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During an intense offensive attack, senior Braedyn McNeely controls the ball in the right corner and then finds senior teammate Alivia Pittman over the middle on a play that ends with a goal.

The Warriors celebrate the accomplishment while jogging back to midfield to prepare for the game to resume. But something is missing. The bleachers are empty. A loud silence hangs in the air.

The latest COVID-19 risk levels that went into effect Friday remained extreme for Benton County. In fact, Benton is one of only five counties in the entire state tagged with the extreme risk, which remains until at least March 11.

(By the way, neighboring Linn County is now in the moderate risk category and Lincoln County has dropped all the way down into the lower risk designation. That sure makes Benton’s risk level even more difficult to accept).

This all means that spectators will not be allowed at PHS games to open the season. The boys and girls soccer games — which will be played at Crescent Valley High School in Corvallis — can have no more than 50 at the field. That includes game participants, coaches, officials and event staff.

If Benton County drops down into high risk after March 11, the maximum gathering size increases to 75. At moderate, it doubles to 150.

Said PHS Athletic Director Tony Matta: “Even if you got to moderate, you’d still have to be very selective — like it might be one parent for one player … but we’re so far away.”

The same restrictions apply to cross-country — meets in Benton County anyway. However, the Warriors will not compete in any in-county competitions. The Paul Mariman Invitational in Philomath was canceled, although that didn’t have anything to do with COVID restrictions but because the course is unfortunately in poor condition.

The Oregon School Activities Association’s guidelines for football limit field capacity to 120 total people with the plan book specifically prohibiting spectators.

“Football’s 120 — that’s everybody — the coaches up in the booth for both teams, everybody on the sidelines, the chain crew, the officials,” Matta said.

In football, the Oregon West Conference broke down the 120 this way: Each team gets 50 people and game personnel account for the remaining 20.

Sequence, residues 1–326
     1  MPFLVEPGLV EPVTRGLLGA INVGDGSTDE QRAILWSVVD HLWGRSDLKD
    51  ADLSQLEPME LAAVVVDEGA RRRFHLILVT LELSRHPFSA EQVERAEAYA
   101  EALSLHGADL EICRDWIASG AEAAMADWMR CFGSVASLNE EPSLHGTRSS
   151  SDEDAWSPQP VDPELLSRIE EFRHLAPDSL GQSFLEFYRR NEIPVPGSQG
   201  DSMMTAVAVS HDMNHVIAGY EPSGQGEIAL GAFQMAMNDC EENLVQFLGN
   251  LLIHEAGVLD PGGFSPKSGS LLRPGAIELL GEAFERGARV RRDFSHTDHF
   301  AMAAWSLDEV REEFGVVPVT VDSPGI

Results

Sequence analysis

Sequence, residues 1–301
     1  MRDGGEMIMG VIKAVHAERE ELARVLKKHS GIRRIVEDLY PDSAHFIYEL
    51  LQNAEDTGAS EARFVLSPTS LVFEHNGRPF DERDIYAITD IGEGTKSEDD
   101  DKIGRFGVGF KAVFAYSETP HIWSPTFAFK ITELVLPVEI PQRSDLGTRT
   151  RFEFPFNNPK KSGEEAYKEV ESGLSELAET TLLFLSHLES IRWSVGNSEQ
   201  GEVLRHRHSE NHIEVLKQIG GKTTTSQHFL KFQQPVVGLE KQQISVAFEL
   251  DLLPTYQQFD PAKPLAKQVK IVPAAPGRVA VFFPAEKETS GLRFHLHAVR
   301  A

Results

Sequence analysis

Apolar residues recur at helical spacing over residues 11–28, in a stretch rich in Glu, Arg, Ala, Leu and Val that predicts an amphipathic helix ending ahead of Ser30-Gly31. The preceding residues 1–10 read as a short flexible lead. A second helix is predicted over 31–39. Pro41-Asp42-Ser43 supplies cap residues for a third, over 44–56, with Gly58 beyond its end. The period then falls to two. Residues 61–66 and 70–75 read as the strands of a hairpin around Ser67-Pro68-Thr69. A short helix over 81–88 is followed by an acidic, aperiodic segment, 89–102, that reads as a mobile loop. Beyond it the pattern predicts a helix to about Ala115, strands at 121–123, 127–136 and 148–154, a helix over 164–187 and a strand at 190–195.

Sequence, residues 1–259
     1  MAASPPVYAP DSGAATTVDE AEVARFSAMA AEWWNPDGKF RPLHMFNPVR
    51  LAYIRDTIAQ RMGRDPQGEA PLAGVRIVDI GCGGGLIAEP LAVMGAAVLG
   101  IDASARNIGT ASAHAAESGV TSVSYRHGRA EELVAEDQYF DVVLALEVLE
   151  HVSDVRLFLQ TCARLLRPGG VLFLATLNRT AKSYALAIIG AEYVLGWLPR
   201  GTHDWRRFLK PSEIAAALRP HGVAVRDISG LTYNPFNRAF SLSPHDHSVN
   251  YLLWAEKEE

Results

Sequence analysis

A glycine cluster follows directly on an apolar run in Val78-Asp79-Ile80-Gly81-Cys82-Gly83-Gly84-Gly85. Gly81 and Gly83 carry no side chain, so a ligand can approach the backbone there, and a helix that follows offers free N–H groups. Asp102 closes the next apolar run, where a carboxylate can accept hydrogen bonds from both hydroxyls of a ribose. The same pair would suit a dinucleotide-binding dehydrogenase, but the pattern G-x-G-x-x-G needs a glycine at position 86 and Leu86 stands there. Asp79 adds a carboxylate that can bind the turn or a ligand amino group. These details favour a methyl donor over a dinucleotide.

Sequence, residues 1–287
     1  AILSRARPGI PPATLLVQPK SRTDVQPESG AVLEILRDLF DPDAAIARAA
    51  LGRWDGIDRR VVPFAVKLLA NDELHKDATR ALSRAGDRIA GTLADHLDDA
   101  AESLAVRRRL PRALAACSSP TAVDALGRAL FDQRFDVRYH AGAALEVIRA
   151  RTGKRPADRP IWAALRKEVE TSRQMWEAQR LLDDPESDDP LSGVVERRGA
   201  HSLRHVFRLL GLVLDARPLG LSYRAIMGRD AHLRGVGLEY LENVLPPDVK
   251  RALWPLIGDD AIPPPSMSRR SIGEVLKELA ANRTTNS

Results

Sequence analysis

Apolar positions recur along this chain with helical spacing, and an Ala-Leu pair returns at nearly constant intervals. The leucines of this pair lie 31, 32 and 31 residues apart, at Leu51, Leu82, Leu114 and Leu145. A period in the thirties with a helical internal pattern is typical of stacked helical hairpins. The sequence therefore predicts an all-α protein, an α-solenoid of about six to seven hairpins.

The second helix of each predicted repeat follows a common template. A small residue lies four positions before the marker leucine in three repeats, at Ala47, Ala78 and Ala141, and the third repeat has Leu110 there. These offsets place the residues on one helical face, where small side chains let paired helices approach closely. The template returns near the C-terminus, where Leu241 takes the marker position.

As for volleyball, don’t even ask. The extreme risk doesn’t allow for any competition in the gym and as a result, the Warriors’ schedule shows all matches on the road.

It’s a tough pill to swallow for parents who can’t watch their kids play. It’s especially tough for parents of seniors. The silver lining that you have to remember is at least the students are getting a chance to compete. A couple of months ago, it seemed like they may not have the opportunity.

Several schools have been working with the NFHS Network to live-stream games. Links to the broadcasts will reportedly be posted with OSAA schedules. As of Saturday night, no Philomath games appeared on the live-stream list.

Matta said Philomath High is in the process of getting a Pixellot camera to set up NFHS live-streaming.

“Once you get the camera — that doesn’t take very long — but it’s on their end,” he said. “They have so many schools that you could be a month out before the technician syncs your cameras.”

Matta hopes to set up live-streaming through Facebook Live but specific details on that happening still seemed to be up in the air when we chatted a few days ago.

The OSAA did not issue media passes to newspapers and media outlets for this season, so we’re on our own getting into games. I have received assurance from PHS that I’ll be able to provide coverage.

I won’t be able to attend every game, but I’ll do my best to bring you stories and photos. From the way the schedules currently appear, I should be covering a girls soccer game on Thursday at Crescent Valley. And over the weekend, a football game against Glide down in Cottage Grove appeared on the schedule for this coming Saturday.

(Brad Fuqua is publisher/editor of the Philomath News. He can be reached at News@PhilomathNews.com).

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